I had a conversation with a friend about this recently. I can certainly see why somebody wouldn't enjoy the prolonged use of iMessage conversation in the film but to me, it was more important how Assayas used it. Contrast to many directors, he doesn't appear to glamorise it; in fact, it's all very boring, tedious, drawn out and, importantly, rarely goes anywhere. That's also reflected with the Skype conversations between the MC and her boyfriend, which often finish not with a 'goodbye' but simply by closing the laptop.

Personally, I don't know if I'd call it smart as much as I'd call it completely ordinary. Most directors eschew technology - which is a bit odd when you think about it - or make it look like awkward product placement. Assayas does neither and it's why I wouldn't exactly call it 'smart' as much as sensible.

Also, I thought the movie was okay. I didn't love it but found it to be a lot better than the The Clouds of Sils Maria.


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PostPosted: Sun Jul 09, 2017 2:52 pm 
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Only caught up with the film last evening and I loved it. What surprised me was how well Personal Shopper works as a ghost story and how unlike many revered art house auteurs, Assayas didn't turn up his nose at certain genre trappings. The reveal towards the end is pure MR James in it's disturbance of the mundane and actually made the hair at the back of my neck stand up. Didn't have a problem with the texting scenes, I thought they were tense and created a sense of creeping unease. Stewart anchors the film with another strong performance, I loved the atmosphere and the way the film dealt with specifics of her job. This will end up in my top five of the year if not higher.


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 Post subject: Re: 899 Personal Shopper
PostPosted: Mon Jul 17, 2017 5:36 pm 
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Announced


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 Post subject: Re: 899 Personal Shopper
PostPosted: Mon Jul 17, 2017 5:39 pm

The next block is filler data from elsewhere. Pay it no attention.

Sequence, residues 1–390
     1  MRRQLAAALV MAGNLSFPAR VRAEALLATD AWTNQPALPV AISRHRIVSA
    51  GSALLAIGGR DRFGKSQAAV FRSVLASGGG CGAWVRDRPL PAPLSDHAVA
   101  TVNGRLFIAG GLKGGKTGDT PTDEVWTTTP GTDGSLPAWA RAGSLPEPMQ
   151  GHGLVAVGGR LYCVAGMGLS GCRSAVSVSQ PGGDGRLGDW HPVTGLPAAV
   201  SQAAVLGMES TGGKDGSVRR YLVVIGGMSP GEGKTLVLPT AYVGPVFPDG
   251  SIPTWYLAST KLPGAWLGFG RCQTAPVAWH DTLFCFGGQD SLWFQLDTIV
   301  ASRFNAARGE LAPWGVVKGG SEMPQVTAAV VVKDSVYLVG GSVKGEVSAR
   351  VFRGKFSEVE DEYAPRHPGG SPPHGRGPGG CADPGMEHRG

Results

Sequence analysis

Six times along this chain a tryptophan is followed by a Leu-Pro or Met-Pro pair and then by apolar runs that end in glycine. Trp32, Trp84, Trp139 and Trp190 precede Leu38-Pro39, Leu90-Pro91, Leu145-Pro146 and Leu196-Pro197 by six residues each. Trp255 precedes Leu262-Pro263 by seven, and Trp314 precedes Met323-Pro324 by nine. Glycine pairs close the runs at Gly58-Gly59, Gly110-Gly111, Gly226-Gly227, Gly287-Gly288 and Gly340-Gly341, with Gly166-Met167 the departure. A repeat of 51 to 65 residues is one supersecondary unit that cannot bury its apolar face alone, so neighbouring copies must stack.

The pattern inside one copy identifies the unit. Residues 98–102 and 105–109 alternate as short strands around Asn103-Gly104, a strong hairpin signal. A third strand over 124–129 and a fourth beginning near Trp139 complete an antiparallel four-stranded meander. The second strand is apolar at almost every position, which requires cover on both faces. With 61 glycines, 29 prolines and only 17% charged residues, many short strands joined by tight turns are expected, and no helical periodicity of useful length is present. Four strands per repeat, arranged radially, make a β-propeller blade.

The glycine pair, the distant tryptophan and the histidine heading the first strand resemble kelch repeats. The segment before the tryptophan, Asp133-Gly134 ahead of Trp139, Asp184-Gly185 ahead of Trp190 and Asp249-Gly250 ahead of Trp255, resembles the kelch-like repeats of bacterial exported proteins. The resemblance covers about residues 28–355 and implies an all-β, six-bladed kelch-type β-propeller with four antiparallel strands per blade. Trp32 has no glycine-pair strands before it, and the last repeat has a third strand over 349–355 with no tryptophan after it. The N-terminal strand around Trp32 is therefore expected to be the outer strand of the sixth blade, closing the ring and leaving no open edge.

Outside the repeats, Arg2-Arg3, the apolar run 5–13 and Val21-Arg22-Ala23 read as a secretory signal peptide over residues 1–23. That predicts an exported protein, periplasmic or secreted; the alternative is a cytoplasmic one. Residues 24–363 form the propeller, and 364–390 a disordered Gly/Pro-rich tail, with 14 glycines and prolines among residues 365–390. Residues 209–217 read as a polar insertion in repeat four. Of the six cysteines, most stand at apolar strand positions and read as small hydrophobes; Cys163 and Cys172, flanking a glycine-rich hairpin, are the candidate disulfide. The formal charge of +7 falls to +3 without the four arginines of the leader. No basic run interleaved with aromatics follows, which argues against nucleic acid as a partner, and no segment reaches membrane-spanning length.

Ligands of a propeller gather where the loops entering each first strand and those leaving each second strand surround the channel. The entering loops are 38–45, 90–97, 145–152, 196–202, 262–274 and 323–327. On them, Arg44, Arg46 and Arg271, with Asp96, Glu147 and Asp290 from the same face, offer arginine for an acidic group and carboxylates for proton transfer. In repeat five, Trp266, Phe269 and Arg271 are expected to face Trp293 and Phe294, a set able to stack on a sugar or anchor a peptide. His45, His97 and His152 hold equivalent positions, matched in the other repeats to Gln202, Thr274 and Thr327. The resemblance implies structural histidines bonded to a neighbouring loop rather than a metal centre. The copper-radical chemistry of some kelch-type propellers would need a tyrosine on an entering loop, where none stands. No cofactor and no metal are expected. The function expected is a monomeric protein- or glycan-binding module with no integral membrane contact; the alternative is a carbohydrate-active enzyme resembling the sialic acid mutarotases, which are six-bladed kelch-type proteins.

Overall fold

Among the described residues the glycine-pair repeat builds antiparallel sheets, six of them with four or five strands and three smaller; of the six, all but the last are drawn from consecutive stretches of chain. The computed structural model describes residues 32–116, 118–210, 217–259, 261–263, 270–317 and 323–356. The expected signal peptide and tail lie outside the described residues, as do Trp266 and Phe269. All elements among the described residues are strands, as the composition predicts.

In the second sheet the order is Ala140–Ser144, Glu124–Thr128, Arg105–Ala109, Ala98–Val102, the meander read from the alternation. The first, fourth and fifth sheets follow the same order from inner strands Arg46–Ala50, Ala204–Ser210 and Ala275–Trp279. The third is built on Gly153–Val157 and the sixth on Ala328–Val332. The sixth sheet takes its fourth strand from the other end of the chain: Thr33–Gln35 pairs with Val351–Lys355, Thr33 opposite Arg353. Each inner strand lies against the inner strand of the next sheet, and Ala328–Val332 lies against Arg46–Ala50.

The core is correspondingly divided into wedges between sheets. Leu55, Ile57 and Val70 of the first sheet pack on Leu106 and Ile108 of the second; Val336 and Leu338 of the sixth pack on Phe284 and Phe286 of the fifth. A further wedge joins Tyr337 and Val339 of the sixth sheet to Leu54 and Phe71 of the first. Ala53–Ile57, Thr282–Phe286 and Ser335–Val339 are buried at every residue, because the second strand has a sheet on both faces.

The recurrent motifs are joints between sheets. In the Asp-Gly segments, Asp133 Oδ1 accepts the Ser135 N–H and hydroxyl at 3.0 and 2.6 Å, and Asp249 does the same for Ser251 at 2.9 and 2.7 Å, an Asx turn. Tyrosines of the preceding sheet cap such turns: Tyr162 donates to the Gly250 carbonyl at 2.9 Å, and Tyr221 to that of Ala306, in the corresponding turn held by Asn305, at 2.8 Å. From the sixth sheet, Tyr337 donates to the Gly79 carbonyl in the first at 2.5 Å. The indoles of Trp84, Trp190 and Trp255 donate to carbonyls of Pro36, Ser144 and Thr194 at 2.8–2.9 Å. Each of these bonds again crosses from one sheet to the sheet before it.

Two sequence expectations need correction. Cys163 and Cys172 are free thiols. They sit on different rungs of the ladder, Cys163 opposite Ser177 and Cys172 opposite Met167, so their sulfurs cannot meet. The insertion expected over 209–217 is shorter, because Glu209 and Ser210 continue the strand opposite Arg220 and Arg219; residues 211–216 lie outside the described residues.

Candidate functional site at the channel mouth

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Bummed to not even see a "More!" on that paltry list. Clouds ended up having a pretty wonderful set of interviews so this could end up being an alright package but it certainly doesn't look like very much.


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 Post subject: Re: 899 Personal Shopper
PostPosted: Mon Jul 17, 2017 5:59 pm 
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Shame they couldn't get Stewart to contribute to this or Certain Women, her thoughts on the Clouds of Sils Maria release were really illuminating.


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 Post subject: Re: 899 Personal Shopper
PostPosted: Tue Jul 18, 2017 2:10 am 
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Ribs wrote:
Bummed to not even see a "More!" on that paltry list. Clouds ended up having a pretty wonderful set of interviews so this could end up being an alright package but it certainly doesn't look like very much.

Agreed. Now, I'm sure the Assayas interview is great -- one of the pleasures of his movies is reading/watching him be interviewed about them -- but the guy did a full press tour (I even went and saw him and Kristen Stewart do a Q&A with Elvis Mitchell), so what are the odds anything new will be in this interview? It's an intriguingly enigmatic movie that has stuck in my head to a surprising degree over the past months, but I don't see myself picking up this release.


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 Post subject: Re: 899 Personal Shopper
PostPosted: Sun Aug 27, 2017 3:05 am 
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Just watched this and I'm still trying to make up my mind on it. The ambiguous supernatural elements worked for me, but I agree with the arguments surrounding the extended text message scene. At first, it was genuinely tense and intriguing, and then at some point I realised that I'd been watching an uninteresting text conversation go on for ten minutes.

Strangely though, that scene on the train (unwittingly? intentionally?) is reminiscent of Scream which I recently rewatched. The protagonist has a conversation with an unseen, somewhat omniscient presence, though here the medium has been updated to modern technology so that the disembodied voice now loses even that aspect. Both strangers claim to be able to see their prey and announce that they are in close proximity (in the older movie, the killer is at the front door, here; the texter is only joking, but later does show up outside Maureen's door) And somewhat bizarrely, both female characters state that they're not fans of horror movies as it's always some woman running away from a killer!


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 Post subject: Re: 899 Personal Shopper
PostPosted: Fri Sep 22, 2017 1:30 pm